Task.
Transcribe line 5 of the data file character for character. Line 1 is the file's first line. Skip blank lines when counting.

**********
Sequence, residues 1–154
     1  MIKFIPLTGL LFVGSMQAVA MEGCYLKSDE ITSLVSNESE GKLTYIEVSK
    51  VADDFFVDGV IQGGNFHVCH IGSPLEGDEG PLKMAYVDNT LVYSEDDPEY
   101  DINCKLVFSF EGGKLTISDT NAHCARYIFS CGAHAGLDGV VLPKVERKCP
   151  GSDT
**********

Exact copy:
   151  GSDT